Teachers lauding literacy program
After attending a two-day conference in Seattle, Wash. in August, four teachers from St. Michael’s are leading the local school in a new program called “The Daily 5,” which is a structure for fostering literacy independence at the elementary school level.
“The way we go about teaching literacy has totally changed,” explained teacher Lisa Cousineau.
“The whole concept of ‘Daily 5’ was fascinating to me; to all of us at St. Michael’s,” Cousineau said.
“What it was offering to us within our classroom was time,” she explained. “Time to work one-on-one with children, time to do the assessments that we needed to do.
“Because it helped drive instruction—time for us to really get to know each child in our classroom, time for the children to do what was most important to their learning.”
“The Daily 5” was developed by sisters Gail Boushey and Joan Moser, who are teachers in Washington.
The pair “set about designing a structure that would ensure all children were working at their level of challenge while taking responsibility for their learning and behaviour.”
That, in turn, “would provide meaningful instruction blocks without extensive preparation time for teachers.”
And “The Daily 5” was born.
It is a series of literacy tasks—read to self, work on writing, listen to reading, word work, or read to someone—that students complete each day while the teacher meets with small groups or works with individual students.
Cousineau noted the program is based on plenty of research.
“Research has shown [that] for children to be better readers, they need to read and for them to be better writers, they need to write,” she stressed.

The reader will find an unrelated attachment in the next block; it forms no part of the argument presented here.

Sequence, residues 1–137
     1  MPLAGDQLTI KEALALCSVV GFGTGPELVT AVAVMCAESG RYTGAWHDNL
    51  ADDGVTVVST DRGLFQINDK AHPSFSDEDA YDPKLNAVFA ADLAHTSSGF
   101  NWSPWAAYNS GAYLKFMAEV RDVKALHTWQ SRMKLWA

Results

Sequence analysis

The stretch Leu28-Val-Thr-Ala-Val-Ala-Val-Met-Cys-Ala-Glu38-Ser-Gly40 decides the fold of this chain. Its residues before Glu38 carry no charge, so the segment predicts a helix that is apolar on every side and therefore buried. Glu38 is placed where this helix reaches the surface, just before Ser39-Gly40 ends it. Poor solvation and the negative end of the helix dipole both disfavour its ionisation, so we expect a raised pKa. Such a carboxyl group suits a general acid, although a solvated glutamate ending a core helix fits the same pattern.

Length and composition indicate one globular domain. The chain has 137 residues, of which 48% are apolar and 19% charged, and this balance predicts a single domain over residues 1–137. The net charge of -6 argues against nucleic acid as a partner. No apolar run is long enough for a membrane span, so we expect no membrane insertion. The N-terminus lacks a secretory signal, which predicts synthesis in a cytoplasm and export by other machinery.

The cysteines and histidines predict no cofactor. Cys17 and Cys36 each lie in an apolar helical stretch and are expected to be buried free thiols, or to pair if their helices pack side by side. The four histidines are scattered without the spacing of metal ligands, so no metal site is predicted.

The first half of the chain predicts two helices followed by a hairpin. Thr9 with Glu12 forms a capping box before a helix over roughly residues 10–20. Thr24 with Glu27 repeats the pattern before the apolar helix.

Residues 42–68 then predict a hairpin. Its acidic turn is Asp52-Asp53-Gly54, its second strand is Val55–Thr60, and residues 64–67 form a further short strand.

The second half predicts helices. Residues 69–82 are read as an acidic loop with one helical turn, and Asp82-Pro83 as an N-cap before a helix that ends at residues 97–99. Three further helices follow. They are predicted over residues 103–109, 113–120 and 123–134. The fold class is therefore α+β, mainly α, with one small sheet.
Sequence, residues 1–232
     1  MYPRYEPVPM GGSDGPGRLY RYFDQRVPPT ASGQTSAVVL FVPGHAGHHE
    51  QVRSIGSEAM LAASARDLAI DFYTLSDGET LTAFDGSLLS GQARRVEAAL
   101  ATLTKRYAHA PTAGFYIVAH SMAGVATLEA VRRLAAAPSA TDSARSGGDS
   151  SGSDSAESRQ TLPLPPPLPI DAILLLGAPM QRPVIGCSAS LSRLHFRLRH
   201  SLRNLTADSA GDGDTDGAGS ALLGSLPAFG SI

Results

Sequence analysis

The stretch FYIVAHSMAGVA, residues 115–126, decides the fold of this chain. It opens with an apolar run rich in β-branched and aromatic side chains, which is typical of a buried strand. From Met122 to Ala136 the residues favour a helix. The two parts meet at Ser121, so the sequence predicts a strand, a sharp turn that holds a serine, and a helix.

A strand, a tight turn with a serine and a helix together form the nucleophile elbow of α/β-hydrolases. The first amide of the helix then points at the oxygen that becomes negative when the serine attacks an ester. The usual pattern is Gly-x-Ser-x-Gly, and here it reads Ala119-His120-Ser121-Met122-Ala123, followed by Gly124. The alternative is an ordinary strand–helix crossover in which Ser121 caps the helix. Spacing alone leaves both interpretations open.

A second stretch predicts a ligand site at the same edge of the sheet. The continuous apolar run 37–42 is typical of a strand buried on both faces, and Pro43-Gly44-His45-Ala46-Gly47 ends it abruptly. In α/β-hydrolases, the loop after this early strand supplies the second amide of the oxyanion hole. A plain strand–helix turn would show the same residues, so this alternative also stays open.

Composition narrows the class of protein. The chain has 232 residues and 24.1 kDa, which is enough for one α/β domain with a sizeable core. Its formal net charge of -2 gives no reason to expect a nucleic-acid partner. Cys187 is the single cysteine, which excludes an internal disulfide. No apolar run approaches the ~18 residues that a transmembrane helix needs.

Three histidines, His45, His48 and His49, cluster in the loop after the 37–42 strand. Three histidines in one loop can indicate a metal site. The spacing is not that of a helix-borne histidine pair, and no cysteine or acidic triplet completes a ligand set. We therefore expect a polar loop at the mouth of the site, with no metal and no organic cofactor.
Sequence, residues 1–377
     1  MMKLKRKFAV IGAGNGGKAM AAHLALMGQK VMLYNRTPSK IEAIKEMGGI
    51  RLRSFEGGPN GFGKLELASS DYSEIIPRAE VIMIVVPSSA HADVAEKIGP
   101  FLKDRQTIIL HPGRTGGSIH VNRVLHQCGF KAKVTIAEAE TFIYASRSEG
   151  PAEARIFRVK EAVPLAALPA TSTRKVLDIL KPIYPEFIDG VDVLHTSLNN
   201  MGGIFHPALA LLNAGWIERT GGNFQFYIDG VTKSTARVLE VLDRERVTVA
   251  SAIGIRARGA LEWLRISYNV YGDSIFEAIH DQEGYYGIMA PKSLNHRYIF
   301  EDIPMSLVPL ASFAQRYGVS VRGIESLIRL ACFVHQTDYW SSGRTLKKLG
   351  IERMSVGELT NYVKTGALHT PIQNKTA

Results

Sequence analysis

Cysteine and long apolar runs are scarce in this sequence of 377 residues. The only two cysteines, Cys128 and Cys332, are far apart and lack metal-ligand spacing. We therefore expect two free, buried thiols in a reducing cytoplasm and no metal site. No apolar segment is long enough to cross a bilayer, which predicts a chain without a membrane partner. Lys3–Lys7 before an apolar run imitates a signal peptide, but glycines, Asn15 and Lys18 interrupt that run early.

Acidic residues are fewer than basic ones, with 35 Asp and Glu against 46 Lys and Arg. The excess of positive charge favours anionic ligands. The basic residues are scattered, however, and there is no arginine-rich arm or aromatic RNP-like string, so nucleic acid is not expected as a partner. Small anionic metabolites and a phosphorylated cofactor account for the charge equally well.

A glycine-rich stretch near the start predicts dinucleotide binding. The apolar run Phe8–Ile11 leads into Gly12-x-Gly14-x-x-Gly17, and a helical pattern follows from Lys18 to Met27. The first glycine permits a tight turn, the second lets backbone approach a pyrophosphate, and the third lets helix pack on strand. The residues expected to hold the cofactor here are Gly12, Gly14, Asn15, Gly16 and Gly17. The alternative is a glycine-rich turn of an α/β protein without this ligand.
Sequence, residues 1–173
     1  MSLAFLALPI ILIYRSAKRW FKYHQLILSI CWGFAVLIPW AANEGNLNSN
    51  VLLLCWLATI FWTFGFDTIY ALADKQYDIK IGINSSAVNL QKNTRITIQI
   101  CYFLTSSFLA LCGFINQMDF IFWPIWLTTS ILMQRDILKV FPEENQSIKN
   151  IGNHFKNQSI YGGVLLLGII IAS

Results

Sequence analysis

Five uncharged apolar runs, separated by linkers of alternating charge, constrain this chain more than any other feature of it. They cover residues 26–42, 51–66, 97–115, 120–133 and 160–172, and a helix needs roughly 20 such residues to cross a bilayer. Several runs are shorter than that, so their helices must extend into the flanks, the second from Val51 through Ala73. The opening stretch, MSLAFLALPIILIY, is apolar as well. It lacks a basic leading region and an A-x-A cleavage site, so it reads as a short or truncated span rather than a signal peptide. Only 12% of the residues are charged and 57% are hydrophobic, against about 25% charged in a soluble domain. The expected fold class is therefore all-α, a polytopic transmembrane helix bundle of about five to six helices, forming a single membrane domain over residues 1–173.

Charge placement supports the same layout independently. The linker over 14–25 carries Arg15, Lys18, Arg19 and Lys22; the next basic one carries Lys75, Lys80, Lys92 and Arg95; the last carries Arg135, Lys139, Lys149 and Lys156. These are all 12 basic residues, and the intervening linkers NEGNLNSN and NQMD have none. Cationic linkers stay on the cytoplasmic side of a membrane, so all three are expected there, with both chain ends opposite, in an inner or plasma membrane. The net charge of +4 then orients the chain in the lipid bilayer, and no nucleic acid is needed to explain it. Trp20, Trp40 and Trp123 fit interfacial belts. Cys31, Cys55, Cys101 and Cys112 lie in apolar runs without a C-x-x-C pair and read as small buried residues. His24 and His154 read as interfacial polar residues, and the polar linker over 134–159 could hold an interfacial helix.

She noted “The Daily 5” doesn’t hold curriculum content, yet it helps educators know how to teach so that the children’s learning is accelerated.
“It gives the children options,” Cousineau said. “It builds habits and behaviours, it builds stamina, it gives the children time to set goals, talk about themselves as readers/writers, and, most importantly, it puts the learning in the hands of the child.
“The model that it proposes really stretched our thinking and our way of teaching,” she admitted.
For instance, Cousineau said the program has created a shift from teaching 80 percent of the time to 20 percent of the time.
“[This] changes teaching to smaller amounts of teaching time, in turn making the learning focused and precise,” she noted, adding the research within the book about “The Daily 5” showed the amount of teachable minutes is correlated to the age of a student (for children up to age eight).
“So, for instance, an eight-year-old should be able to be focused for eight minutes before they have to rest,” she remarked.
“We are building stamina and creating voracious readers/writers; in the meantime fostering a love of reading and writing.”
“It makes the kids eager to read,” enthused teacher Sharon Gurski.
“They like being in control of what they do.”
“The kids love it—they are pumped,” echoed Cousineau, noting within just the first few weeks of school, she has seen positive outcomes, with children being about to focus for longer periods of time.
“They are now working for 15 minutes, where at the beginning of the year it was three minutes,” she explained.
“They are totally engaged in their work.”
Cousineau said she and the three other teachers who attended the conference in Seattle—Jeremiah McCart, Paulette Romaniuk, and John Cousineau—were able to do so thanks to the Teacher Leadership and Learning Program (TLLP) they applied to.
“As a staff, we met and we collectively put in an application in that maybe we could get some actual training by the two sisters who wrote the books,” said Lisa Cousineau.
“They must have seen the value in it because they offered their support and it was an incredible, intensive two days of training.”
She added the behaviours the students are learning through “The Daily 5” also are being applied to other areas of the day.
And Cousineau said she’d like to see even more of it in math and numeracy.
“It is hard to believe how far we have come in such a short time,” she remarked.
“The support of staff and administration, the response from the children and parents, has been incredible.”